Must Medication Be Discontinued for Psychoanalysis to Be Successful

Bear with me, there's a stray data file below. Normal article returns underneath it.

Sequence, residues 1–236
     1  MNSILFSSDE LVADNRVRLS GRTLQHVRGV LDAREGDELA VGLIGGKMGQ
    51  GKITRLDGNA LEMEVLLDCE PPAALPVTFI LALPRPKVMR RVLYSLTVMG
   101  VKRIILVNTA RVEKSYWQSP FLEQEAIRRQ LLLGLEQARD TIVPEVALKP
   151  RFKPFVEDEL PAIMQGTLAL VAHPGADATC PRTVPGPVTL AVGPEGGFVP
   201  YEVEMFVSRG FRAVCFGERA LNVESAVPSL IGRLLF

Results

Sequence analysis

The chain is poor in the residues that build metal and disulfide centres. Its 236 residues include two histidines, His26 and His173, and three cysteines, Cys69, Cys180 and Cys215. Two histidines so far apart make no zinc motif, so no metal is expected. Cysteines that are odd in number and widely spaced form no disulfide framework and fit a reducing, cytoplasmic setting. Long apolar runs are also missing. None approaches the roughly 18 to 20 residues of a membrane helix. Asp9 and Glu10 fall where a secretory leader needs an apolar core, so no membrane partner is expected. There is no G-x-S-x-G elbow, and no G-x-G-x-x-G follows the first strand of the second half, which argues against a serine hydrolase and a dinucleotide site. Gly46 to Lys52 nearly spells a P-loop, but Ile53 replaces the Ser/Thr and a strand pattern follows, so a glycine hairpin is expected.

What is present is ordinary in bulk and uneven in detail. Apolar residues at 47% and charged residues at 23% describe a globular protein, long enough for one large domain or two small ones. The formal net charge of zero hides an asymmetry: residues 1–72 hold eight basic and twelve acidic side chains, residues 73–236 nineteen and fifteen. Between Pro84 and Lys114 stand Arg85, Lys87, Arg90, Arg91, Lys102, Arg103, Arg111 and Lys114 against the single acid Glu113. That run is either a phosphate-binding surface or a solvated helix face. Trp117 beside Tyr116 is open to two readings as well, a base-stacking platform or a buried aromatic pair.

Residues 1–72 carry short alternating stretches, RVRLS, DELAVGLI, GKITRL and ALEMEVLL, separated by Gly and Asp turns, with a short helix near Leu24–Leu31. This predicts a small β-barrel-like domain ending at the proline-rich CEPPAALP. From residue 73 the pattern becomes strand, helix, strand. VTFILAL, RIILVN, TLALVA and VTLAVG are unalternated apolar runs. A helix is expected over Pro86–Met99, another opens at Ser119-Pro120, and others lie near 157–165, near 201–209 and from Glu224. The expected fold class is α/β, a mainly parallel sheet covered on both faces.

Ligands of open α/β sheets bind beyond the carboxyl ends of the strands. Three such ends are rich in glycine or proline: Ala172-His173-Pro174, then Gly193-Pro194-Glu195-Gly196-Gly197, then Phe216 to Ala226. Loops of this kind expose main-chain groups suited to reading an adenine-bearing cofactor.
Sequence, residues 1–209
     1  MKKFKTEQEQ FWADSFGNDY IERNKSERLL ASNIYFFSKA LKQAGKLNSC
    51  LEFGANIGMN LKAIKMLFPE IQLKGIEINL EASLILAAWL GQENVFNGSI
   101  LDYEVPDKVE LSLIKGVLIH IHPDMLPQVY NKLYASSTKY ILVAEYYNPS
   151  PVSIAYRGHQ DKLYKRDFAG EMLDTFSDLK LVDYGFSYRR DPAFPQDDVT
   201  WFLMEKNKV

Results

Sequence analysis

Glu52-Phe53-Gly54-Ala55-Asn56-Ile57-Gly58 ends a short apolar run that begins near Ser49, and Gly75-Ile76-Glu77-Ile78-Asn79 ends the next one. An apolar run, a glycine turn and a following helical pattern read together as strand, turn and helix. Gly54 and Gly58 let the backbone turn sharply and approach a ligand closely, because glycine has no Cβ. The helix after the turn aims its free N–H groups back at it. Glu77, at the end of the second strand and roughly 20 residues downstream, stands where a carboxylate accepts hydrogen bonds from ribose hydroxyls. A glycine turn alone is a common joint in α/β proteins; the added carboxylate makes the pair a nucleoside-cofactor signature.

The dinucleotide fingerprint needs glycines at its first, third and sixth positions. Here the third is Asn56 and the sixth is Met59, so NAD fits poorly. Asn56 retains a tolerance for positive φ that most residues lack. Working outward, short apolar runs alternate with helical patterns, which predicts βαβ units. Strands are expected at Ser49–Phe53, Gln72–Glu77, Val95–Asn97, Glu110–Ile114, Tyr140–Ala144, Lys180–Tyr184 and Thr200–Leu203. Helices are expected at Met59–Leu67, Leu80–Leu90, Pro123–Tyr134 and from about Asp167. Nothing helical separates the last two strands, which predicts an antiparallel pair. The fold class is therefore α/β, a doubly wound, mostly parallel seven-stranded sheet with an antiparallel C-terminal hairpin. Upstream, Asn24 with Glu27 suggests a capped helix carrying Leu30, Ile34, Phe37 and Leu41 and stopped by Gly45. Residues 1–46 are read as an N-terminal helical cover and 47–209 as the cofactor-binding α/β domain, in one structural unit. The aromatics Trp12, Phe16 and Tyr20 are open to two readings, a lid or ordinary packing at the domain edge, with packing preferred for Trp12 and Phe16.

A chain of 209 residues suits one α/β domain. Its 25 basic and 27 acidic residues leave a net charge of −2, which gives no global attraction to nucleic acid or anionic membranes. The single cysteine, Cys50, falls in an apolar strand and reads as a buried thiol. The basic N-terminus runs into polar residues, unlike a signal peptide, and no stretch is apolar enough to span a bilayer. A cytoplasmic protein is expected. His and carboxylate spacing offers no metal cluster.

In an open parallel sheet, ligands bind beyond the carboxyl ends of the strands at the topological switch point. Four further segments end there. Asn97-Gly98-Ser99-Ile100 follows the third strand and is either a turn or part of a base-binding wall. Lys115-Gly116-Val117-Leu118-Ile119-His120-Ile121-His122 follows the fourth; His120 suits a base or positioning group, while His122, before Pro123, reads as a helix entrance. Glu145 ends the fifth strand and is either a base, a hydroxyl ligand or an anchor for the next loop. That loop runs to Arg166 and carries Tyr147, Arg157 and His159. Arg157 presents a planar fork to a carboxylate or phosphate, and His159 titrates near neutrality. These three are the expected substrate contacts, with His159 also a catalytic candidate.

If medication is to be used with patients in analysis, must medication be stopped in order to demonstrate analytic success? While effective analysis leads to greater capacity for self-understanding and emotional modulation (see below) it remains unclear whether this protects from the recurrence of Axis I disorders. Patients with obsessive-compulsive disorder gain relief of symptoms with medication but typically relapse once medication is stopped. Most evidence suggests that psychodynamic therapies are not helpful for obsessive-compulsive disorder, although there is evidence for benefit from cognitive-behavioral strategies (Foa and Franklin, 2000). Patients who have had more than one episode of major depression have a risk of recurrence in excess of 80 percent, and medication treatment generally prevents recurrences. The benefits of psychoanalysis or analytic psychotherapy might confer protection against such recurrences, but there is no data as yet to support this theory. No studies have been carried out using long-term depth psychotherapy or psychoanalysis in patients with depression or obsessive-compulsive disorder. A definitive answer to the question could come from use of standardized diagnosis, and prospectively collected long-term outcome data regarding whether successfully analyzed patients with a history of major depression or obsessive-compulsive disorder have a lower risk for recurrence compared with a control group of unanalyzed patients with the same diagnoses.

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